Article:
1Deakin University, Melbourne, Australia
Sexual assault cases have historically resulted in persistent victim dissatisfaction with, and alienation from, the prosecution process. As a result, some adversarial jurisdictions have moved somewhat contentiously towards integrating victim participation rights within the legal process to redress sexual assault victims’ procedural and substantive justice concerns. The introduction of s 34 of the Sex Offenders Act 2001 (IRE), which allows a victim to access state funded legal representation to oppose a defendant’s application for the introduction of their sexual history evidence in court, is one such example. Drawing from interviews conducted with high-level criminal justice professionals, legal stakeholders and victim support workers, and an analysis of primary source documents, including legislation and reports, this paper argues that although s 34 has marked a unique response to protecting the sexual history evidence of victims in criminal trials, its various shortcomings may hinder its capacity to improve sexual assault victims’ procedural justice experiences in ways anticipated from its introduction.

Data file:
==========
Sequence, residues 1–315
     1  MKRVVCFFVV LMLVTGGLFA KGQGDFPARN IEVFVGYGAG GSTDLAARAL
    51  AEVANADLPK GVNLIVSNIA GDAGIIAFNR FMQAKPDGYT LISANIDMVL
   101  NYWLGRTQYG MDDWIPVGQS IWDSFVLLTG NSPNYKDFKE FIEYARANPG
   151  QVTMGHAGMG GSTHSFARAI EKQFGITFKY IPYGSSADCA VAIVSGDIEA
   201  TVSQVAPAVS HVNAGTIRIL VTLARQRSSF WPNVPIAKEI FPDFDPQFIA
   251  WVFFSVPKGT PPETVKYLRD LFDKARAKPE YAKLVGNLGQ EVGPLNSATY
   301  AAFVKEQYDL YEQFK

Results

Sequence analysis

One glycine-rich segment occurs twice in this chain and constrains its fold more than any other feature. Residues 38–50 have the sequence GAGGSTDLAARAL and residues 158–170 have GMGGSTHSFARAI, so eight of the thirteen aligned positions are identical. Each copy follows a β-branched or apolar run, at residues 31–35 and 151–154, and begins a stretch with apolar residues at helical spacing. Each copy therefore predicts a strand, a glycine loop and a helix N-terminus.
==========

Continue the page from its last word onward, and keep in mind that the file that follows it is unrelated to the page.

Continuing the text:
Dr Mary Iliadis is a Lecturer in Criminology at Deakin University. Mary’s research adopts a socio-legal framework to examine, critique and impact legal policy concerning victims’ rights, with a particular focus on the rights afforded to victims of sexual violence. Mary’s research is international in its scope and explores the rights and protections afforded to victims across England and Wales, Ireland and Australia. More broadly, Mary researches prosecutorial discretion and access to justice issues. Mary’s research has gained traction in government circles and her findings were cited in the VLRC’s (2016) report on The Role of Victims of Crime in the Criminal Trial, demonstrating a high-level of impact.